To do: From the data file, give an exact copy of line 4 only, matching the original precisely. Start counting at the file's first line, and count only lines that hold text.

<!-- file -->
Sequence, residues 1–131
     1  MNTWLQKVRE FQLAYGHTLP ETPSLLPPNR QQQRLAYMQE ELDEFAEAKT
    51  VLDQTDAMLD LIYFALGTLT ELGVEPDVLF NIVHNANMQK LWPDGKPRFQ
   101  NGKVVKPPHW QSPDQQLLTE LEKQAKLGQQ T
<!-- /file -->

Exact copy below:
   101  NGKVVKPPHW QSPDQQLLTE LEKQAKLGQQ T